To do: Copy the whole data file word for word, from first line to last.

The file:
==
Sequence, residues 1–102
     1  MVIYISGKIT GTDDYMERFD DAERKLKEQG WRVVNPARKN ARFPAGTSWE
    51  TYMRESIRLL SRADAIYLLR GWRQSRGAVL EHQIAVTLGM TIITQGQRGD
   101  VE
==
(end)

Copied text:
Sequence, residues 1–102
     1  MVIYISGKIT GTDDYMERFD DAERKLKEQG WRVVNPARKN ARFPAGTSWE
    51  TYMRESIRLL SRADAIYLLR GWRQSRGAVL EHQIAVTLGM TIITQGQRGD
   101  VE